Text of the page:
All Quiet on Volga River

Perhaps she was a fantast. She lived on the second floor and a half. The garbage and the elevator were half a floor above or below. Anyway it wasn’t a room of secrets where you can get taking the train on platform nine and three quarters, as in a famous story with little and big wizards. The old cinema hall on the ground floor had been abolished a long time ago. The space had been refurbished and turned into a club for party, music and dance.

Miss moved there as a lodger in a year when the club had gone bankrupt. It was quiet. Her rent was payed by a benevolent gentleman with whom she had no connection. Money was her main lack, the tree of her life hardly ever had such leaves. She was that kind of fat and quiet spinster, keeping her roots visible and close to the soil line. Miss Martha did not forget a thing, she always took into account every detail and believed that things can only go for the better, but without her dreaming, without her trying to imagine something. Therefore she was a fantast. She didn’t enter the world of witchcraft and was not accepted in that peaceful or idyllic world of teachers and educators. In fact so she thought, that that world was like a little prairie house where every useful object is in place and where’s a reading corner with an armchair and tea with brown sugar on a table. She only believed that the world was what she had seen once in childhood, and remembered that some people said about her father that he was like a big child. Alone, in the peace of her thoughts, she was like an asylum with too much love for children and helpless elderly; she felt like a mother and certainly didn’t understand that it was her now that big child.

At her new job located near her apartment, the children called her ma’am. Sometimes Mrs. Martha. She suppressed the pain that at her age that all the teachers can only be ladies. In fact she was never thinking about this. She tried to forget that some girls told her in the recess times that she needed a child of her own to sway in her arms and to care about. She didn’t know what to answer. Always finding something to work from morning till night in the house, she thought only about theses, quizzes, examinations or interesting lesson projects. Se hoped to succeed like this, again without a hint of fantasy. She consumed a part of her small salary on paper and printer ink for teaching material that seemed necessary for school hours, or that were strongly requested by her chiefs or inspectors. She often went to mandatory meetings and heard a long memorial of names and possible future school activities, as the long list read in church services. Once the meeting was held at a boarding school for theology students, where the chef generously offered lent snacks, which had a great success among participating teachers. She went round the feast table pinching something here and there, then leaving the meeting before its end. Sometimes she attended training courses and find with bewilderment, a constant feeling in her life, that other lady teachers were playing like children with different more interesting learning materials, that they danced a dance of capitals and markets where prices were shout aloud, experiencing the law of demand and supply. She got out a little sad in the hall room between lessons, and lit mechanically a cigarette, a habit that usually helped her forget that the world is more fantastic than anything she had seen before.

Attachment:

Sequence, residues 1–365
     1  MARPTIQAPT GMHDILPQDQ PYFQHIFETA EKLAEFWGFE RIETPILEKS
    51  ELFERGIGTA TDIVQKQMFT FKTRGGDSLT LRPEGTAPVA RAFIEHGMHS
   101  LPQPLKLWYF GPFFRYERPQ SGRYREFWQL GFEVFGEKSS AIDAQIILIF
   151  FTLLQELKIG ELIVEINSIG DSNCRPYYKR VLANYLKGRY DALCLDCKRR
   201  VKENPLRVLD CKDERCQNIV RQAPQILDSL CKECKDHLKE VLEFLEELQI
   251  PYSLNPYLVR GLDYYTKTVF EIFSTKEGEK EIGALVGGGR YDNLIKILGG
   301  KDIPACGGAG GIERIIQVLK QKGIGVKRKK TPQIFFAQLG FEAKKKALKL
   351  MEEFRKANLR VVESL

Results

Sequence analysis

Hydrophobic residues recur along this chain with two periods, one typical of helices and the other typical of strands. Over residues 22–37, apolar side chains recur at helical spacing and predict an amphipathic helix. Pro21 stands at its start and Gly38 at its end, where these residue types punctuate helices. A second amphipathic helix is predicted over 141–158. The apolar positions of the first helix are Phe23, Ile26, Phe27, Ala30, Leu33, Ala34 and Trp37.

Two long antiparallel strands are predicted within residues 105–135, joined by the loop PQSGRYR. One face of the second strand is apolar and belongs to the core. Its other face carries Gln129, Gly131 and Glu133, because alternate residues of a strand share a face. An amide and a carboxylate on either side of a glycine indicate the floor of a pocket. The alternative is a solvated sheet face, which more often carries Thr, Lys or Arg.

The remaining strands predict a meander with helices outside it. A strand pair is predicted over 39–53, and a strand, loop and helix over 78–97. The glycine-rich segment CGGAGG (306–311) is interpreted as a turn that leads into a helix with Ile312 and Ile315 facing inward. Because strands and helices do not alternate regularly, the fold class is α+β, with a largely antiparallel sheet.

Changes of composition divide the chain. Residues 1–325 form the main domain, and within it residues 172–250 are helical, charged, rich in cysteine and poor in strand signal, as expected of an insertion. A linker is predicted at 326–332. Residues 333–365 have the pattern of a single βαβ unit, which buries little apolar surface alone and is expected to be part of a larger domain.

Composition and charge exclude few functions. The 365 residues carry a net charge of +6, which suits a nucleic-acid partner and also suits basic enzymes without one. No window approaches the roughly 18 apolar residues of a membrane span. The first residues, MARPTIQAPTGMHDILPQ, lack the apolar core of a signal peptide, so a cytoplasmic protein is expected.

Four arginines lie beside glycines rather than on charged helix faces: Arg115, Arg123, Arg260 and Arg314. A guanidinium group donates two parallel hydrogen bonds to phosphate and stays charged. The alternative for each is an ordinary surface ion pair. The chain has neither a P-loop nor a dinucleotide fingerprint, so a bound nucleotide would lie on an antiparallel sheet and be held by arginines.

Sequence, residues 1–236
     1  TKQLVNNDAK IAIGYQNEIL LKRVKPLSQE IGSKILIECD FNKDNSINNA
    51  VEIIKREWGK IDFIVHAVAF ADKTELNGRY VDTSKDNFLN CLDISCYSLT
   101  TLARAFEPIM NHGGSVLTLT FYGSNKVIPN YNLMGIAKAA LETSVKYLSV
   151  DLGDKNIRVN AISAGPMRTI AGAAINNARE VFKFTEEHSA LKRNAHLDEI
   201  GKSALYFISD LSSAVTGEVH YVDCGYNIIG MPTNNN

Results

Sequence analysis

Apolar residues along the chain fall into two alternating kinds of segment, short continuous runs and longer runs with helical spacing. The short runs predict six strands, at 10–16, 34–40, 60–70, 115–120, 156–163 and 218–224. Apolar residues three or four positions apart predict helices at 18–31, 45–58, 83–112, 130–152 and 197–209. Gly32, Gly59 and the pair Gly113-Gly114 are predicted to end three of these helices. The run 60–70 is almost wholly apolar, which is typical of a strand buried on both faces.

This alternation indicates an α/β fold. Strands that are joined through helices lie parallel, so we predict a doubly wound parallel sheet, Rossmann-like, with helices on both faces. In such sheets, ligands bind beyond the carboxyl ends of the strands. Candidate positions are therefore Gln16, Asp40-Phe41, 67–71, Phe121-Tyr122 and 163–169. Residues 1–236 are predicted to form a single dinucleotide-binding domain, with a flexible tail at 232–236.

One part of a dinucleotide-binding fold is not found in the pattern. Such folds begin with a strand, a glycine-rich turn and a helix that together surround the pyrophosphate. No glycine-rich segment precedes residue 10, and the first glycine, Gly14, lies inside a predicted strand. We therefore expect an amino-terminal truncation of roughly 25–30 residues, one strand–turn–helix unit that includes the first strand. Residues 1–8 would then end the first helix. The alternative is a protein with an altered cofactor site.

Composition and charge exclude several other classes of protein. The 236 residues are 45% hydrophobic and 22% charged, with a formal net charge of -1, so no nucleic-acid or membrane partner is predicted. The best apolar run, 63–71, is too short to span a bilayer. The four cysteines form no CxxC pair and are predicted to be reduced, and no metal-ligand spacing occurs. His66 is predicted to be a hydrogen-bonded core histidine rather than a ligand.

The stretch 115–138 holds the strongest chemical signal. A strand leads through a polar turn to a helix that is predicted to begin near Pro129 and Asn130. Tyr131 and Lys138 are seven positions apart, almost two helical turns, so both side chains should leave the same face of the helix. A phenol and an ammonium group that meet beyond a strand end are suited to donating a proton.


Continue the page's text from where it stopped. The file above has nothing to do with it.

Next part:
For instance, she did not understand the point of mandatory service over school hours, when some teachers sat all day in a small, clean and quiet room on the top floor and had a student as a kind of camp aide, effectively wasting their time. She opened the register on the table and discovered that other teachers had more fantasy and joked about the hours spent in that guardian tower. Martha did not understand why she had become Head of Department or why they were asking her many cards and projects and endless tables that she could not have filled from her empty fantasy world. What on earth was she supposed to write there, when she counted only what he saw in front of her and did not guess at all what was hidden behind any wall?

In fact she did not understand many things. A colleague, much more popular among students, tried to open her eyes and said : “You are a materialist. Do you really think that this table in the teachers’ room is simply just a table ? Do you really think it exists as such here and now ?” She answered simply yes. She didn’t like Hegelian dialectics or sophistry of any kind. She was not an attractive person in conversations. The other lady teachers talked about the glass bead game and usually about the books she hadn’t read. She felt sad and alone, but still she did not lose hope. She knew, even before becoming big child, that she always was an outsider regarding society models. She vaguely remembered a well known Romanian poem about some kind of Miss beyond fashions and time. All that she planned was in vain. The fact that logic is not enough in life was a lesson that she couldn’t understand. First she had success, then everything tumbled down. Exactly like when as a child she was among the first at a long run test for sport class, but among the last the second time, when the other girls understood how to run. Once, when her teacher colleagues were smoking in the teachers’ room (smoking was forbidden to students), one of them joked that there are too many witches for one pot, that single ashtray on the table. Martha did not fit such kind of humor, she really did not understand others’ jokes and for a moment she thought maybe it was her the cauldron, but then she quickly shook off the ashes, and the world seemed the same again. She also did not quite understand why they stayed so long in the schoolyard, both teachers and students, after a mere fire simulation, but probably with true firemen, climbing up and watering the roof and the walls in plenty.